I hate tipping competitions.
I mean properly hate them. I flatter myself that I know a bit about our amazing game, in both hemispheres and therefore at the start of every year I quite fancy myself to take out the winners prize in them. Every year about this time it all goes to shit, and again I realise that despite knowledge, passion and obsession results will always infuriatingly go the way you don’t expect leaving me mid table season after season.
I also have blind spots. In the Up the Cream Superleague Tipping League, my absolute inability to tip against Hull (and for Rovers) has left me off the pace, and in the office NRL comp my hatred for Manly and love for the Tigers (and second club Canberra) have conspired to keep me miles off the leaders.
Mind you, tipping the NRL this year has been nigh on impossible – as I write this the Dragons are unbeaten and the Warriors, Panthers and Tigers make up the rest of the top four. That’s mental. Part of the reason why this has taken pundits and the likes of me by surprise is the conclusions we all drew when we saw the off season recruitment each of these clubs did.
The Warriors picked up our old Red and white and Cherry and White foe in Blake Green, and although not a “name” halfback, he’s provided the perfect foil for the inconsistency of Shaun Johnson, and the Warriors have been very, very good. The Dragons brought in a prop and a halfback, and both of them have been incredible. Hunt and Graham have gelled quickly, and seamlessly into the St George line-up, possibly due to a stern pre-season test from us.
The Panthers lost a star in Matthew Moylan and replaced him with the Journeyman James Maloney. Maloney has won competitions with two different clubs, the Roosters and Sharks and yet still seems to miss out when people talk about great halfbacks. With the recent injury to Nathan Cleary, Maloney has had to really step up and has steered a very impressive young team around like an old master.
On the subject of old masters though, what the hell has happened to Benji Marshall? Close to winning the Dally M in 2016, he then totally fudged his contract negotiations at St George, leaving him without a club in 2017. Then he got picked up by the Broncos on a minimum wage contract, sitting in the reserves, and occasionally on the bench. When he played, he looked handy, if a little slower then we were used to seeing. In my view, Benji was always capable of some incredibly dumb decisions on a football field. No look passes, running in the wrong direction and into blind alleys were frequently part of his 80 minutes, the thing that always rescued him was his incredible pace. As he’s hit his 30’s though and a yard of pace has dropped from him, I worried.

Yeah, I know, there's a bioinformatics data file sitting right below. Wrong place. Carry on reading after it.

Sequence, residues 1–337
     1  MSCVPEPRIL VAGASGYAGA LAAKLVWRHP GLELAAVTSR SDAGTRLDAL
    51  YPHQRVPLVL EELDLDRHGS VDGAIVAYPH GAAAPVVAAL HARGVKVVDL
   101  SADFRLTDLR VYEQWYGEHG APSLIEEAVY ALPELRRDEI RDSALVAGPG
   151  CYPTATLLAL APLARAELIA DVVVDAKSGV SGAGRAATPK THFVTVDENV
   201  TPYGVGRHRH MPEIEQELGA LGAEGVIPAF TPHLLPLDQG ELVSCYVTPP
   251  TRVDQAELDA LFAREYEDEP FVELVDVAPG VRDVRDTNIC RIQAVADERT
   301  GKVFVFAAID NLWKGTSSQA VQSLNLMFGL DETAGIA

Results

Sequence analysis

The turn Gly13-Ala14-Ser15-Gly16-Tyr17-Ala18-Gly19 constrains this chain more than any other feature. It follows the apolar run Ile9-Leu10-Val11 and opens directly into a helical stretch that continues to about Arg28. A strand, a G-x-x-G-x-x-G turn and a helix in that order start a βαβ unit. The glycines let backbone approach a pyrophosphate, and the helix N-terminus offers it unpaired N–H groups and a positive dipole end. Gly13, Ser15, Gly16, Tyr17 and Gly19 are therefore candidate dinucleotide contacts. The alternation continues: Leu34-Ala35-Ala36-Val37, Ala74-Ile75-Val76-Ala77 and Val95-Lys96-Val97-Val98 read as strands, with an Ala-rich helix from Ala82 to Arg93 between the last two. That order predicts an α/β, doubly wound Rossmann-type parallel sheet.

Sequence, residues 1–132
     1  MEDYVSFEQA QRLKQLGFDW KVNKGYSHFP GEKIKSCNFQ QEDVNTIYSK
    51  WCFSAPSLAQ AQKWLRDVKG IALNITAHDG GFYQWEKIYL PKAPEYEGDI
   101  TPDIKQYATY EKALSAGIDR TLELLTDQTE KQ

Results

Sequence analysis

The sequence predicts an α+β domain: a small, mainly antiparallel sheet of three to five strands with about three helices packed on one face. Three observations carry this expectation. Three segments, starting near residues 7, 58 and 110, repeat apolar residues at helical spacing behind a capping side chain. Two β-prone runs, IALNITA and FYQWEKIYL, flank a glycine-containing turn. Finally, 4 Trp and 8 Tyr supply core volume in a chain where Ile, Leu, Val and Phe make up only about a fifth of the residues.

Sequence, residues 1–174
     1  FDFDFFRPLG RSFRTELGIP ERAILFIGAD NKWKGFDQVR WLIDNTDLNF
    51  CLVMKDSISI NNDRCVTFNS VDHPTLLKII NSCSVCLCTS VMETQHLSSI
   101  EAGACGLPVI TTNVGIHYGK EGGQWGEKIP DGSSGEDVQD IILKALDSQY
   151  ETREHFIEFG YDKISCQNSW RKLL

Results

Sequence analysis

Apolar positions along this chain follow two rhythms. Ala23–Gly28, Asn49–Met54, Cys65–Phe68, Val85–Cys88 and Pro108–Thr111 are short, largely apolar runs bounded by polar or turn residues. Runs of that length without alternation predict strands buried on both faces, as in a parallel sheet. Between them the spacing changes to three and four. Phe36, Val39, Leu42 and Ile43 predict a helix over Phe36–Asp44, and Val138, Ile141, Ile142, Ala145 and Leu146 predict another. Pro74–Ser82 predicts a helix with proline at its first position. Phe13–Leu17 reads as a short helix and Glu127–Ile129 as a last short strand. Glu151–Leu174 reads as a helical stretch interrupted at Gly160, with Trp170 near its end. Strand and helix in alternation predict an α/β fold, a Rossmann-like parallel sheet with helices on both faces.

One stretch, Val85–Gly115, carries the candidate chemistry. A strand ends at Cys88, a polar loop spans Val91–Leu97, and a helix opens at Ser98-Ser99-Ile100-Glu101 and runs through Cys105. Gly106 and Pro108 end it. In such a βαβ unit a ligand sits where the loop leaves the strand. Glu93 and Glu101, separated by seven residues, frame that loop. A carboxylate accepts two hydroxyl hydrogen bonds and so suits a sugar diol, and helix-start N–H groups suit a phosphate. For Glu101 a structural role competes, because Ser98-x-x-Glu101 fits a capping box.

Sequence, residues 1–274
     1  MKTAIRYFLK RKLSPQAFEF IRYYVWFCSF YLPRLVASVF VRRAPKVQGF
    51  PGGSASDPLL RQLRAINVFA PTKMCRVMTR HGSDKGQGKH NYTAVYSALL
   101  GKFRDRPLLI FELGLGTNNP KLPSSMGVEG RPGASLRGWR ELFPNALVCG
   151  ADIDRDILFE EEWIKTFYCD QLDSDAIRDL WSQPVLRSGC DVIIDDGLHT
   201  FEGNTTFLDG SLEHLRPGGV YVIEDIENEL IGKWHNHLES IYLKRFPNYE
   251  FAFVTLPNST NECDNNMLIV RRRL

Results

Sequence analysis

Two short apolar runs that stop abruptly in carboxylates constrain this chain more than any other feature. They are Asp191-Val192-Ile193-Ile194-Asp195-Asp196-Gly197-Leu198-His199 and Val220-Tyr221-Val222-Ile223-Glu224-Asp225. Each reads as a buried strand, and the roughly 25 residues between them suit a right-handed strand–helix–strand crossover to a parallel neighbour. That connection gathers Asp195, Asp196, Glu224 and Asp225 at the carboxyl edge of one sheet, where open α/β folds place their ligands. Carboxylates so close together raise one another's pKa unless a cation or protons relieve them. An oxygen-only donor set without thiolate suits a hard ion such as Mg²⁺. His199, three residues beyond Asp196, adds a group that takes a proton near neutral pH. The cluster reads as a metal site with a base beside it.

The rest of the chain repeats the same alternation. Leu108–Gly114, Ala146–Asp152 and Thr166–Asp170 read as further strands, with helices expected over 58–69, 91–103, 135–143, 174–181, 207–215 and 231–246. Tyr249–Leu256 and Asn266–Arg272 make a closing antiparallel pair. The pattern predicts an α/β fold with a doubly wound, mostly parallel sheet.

There is nothing worse than seeing a player go on a season too long. We’re possibly seeing it with Johnathan Thurston at the moment, although I really hope he manages to bow out with dignity. It’s like seeing Mohammed Ali’s last fights, bravery, heart, and the head is still willing, it’s the body that lets you down. The irony of course is that each player might still think “I’ve got one more year…” and be proved right too. You’re a long time retired, and playing is a drug (no puns intended). Look at Steve “Beaver” Menzies, years after he left Manly, he was still turning out the Catalans at a decent level. For each one of those though, there are 20 that should’ve faded off into the sunset and didn’t.
That’s why what’s happening with Benji is so good to see. He’s changed his game. He’s playing to the fact that he only has 10 metres at full pace these days, and the players around him now follow him waiting for the offload a lot closer then they used to. His defence has tightened beyond belief, and the leadership he’s showing to the younger Tigers is great to see. His decision making is sharper, and in the last three or four rounds of the NRL, he’s looked like a chess master, three moves ahead of everyone else on the field. It’s not unlike when Hull signed David Topliss in the early 80’s. Toppo was 31 when he put pen to paper, and most thought his best days were behind him. The speed that he possessed was between his ears, pace of thought if you like. His reading of the game and decision making were sublime, and that’s what Benji seems to be doing right now.
Of course, now I’ve said that, the wheels will fall off and defences will get wise to his tricks, and the Tigers will drop like a stone screwing my tipping once more.
Finally, a word about Mahe Fonua. He’s still to make a 21 man squad for the Tigers – probably because it’s bloody hard for Ivan Cleary to break up a winning team, although he’s dominating the reserve league. He’s top of the league in tackle busts, meters made, and has scored in more games than he hasn’t. He’s wasted at that level in my opinion, but with his stated aim to be in Australia with his young family, I just can’t see him coming back to England anytime soon. Hopefully Albert takes a good long look at that situation and decides that sunny old West Hull isn’t that bad after all.
Until next time, Up the Cream, Gerremonsard and Come on you ‘Ull.
Rich – Twitter @pommyrich